The 72nd edition of the Holland Festival, the largest international festival of performing arts in the Netherlands, has again sensed the spirit of the age. News & Noise attended two fantastic artworks that are exemplary: The Head & The Load of William Kentridge – about the history of Africans in the First World War, and Los Incontados: un tríptico of Mapa Teatro – about the civil war in Colombia.
by Charlie Crooijmans
Amsterdam – Every year in June you’ll see the colorful banners and flags of the festival waver. From May 29 – June 23, the Holland Festival (HF) takes place in various venues all over Amsterdam. The versatile program contains dance, theater, music theater, concerts, movies, exhibitions, interdisciplinary – and multi-medial events. The HF was founded in 1947, two years after the Second World War, to stimulate international exchange and cooperation.
This year the HF chose to work with two associate artists: South-African visual artist and stage director William Kentridge (1955), and the Congolese choreographer Faustin Linyekula (1974). Their work was not only staged at the festival, they also curated work from other artists. Both Kentridge and Linyekula spend around three months in Amsterdam to work and feel the city. Is the Dutch society as tolerant as it claims to be? How about the inclusiveness and multiculturalism?
These are the times that the (western) world reflects on discriminatory manifestations. Museums are displaying colonialism, the abolition of slavery is being commemorated, street names of heroes of colonialism are being questioned, and initiatives like the Black Heritage Tour (also part of the HF) came into existence. With the two associate artists from Africa, the HF takes a step further in the right direction. Slowly, slowly our current society will get awareness of what our black fellowmen had to endure, and still endures.
The HF is mostly considered as avant-garde and elitist. However, it is accessible for every one who is interested in culture, also for the ones with a low income. Take for example the free of charge ‘Opera in the Park’, and this years Parlement debout, a theatrical parade through the mainly black neighborhood Amsterdam-Zuidoost, curated by Linyekula. The publicity around the HF is not the problem. But maybe the elitist image could be a barrier. It would be so great if every one can enjoy and learn from a performance like The Head & The Load.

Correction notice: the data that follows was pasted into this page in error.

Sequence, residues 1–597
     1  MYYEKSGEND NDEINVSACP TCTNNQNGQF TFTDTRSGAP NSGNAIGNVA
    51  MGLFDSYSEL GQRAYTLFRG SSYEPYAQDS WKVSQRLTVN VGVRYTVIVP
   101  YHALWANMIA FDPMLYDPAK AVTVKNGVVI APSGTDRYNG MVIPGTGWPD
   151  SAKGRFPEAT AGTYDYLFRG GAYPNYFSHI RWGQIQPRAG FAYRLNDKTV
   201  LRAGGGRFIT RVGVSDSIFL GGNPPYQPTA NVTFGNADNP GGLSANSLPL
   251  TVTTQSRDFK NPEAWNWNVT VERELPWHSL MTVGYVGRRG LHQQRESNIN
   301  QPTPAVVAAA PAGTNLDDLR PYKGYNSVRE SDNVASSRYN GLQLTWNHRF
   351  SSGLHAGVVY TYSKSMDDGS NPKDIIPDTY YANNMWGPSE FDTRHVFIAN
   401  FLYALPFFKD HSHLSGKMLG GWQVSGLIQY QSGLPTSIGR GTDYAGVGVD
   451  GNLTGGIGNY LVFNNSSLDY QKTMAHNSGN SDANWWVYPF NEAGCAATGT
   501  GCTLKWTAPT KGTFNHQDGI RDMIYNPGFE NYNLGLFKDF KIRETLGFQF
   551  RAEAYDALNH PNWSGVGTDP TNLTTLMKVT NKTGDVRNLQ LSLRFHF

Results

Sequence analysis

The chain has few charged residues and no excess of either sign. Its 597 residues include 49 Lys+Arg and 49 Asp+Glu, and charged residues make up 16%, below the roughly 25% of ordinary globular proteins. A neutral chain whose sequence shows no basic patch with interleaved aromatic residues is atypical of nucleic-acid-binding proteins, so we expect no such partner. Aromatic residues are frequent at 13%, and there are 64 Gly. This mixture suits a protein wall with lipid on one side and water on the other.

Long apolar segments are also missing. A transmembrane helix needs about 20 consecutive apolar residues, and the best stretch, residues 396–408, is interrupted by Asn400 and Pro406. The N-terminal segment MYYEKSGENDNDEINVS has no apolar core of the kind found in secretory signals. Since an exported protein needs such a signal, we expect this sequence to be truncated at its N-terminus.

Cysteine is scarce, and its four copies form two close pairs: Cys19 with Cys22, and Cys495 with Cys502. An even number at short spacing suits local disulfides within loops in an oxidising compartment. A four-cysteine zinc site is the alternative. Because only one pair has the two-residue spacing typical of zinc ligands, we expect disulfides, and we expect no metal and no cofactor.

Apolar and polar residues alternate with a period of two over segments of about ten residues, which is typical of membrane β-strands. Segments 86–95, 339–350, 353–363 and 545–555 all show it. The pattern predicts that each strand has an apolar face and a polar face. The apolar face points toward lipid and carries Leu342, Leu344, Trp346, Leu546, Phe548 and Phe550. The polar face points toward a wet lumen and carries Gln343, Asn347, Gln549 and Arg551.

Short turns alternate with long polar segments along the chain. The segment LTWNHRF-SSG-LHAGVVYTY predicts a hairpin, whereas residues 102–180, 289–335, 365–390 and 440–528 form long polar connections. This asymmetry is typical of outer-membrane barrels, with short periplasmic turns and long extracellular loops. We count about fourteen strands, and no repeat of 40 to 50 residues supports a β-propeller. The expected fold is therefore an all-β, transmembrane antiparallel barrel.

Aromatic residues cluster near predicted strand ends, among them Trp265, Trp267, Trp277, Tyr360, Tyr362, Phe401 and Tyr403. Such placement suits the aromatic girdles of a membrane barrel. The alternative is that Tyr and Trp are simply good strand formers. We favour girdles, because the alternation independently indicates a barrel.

Especially now! There are so many commemorations, like the 75th anniversary of D-day at the end of WW2. The British movie They Shall Not Grow Old (2018, Peter Jackson) with astonishing footage, commemorates the centennial end of WW1. But the story of the African people during WW1 is largely unknown. Thanks to Kentridge’s The Head & The Load we not only got to know what happened, we also could feel the pain.
The Head & The Load was the opening performance of the HF, in presence of the Dutch royal couple. At one point this was, in spite of the fact that the Netherlands were neutral in WW1, a painful confrontation. The play is about the nearly two million African ‘soldiers’ (in fact porters and carriers) used by the British, French, and Germans during the WW1 in Africa. They had to support the colonial power, the kingdoms in Europe. The hymn God Save The King initiated by singer Grace Magubane, was transformed by a choir into an intens, contrapuntal poem. A penny for the thoughts of the Dutch king…
It was amazing how the team of Kentridge and his mainly black cast used all the elements of theater in an almost dadaist way: art, dance, music, chant, spoken word, shouts, silence, visuals (drawings, film projections), costumes, props, shadow play, and poetry. At first your reporter was afraid that the overload of sound of vision would get in the way to comprehend the story. But it all came together. Because of the sometimes shocking images and the repetition of the shadows of the carriers on the 50-meter wide stage, it was easy to grasp the enormousness of what happened in far-away Africa. How the black people were treated, and how worthless their lives were. Especially felt when the thousands of names were shown on the screen.
Another impressive play at the HF was the Colombian Los Incontados: un tríptico. This performance is a short version of Anatomía de la violencia trilogy, a production of Mapa Teatro. This theater company from Colombia was founded in 1984 by Heidi and Rolf Abderhalden in Paris. In France they studied theater and visual art forms with, among others, William Kentridge. Back in Colombia, Mapa Teatro became a laboratory of experiments. In recent years they focus on the absurd reality of everyday life in Colombia.
Los Incontados: un tríptico is about the uncountable (hence the title) missing persons and victims during the civil war (1964 – 2016), caused by guerrilla groups, paramilitary groups and drug cartels. The phrase “the carnival must end, in order for the revolution to begin” resonates throughout the piece. In the first part you see a little girl in a living room conducting a brass band. They vanish one by one, diminishing the expectations of the revolution. A stronger image of that phase is the glitter party of men dressed as women destroying balloons, while the little girl is watching. The portrait of Che Guevara doesn’t help the revolution either. The mix of visuals, personages, radio, and music is intriguing. The subtitles (with or without voice over) are sometimes hard to follow.
The HF has come to an end. Hopefully the unseen and untold stories of the world continues to be a common thread in the following editions of the HF.
In Amsterdam you are able to go the Eye Filmmuseum, where William Kentridge exhibits 10 Drawings for Projection (1989-2011) that illuminate the history of South Africa, till September 1, 2019.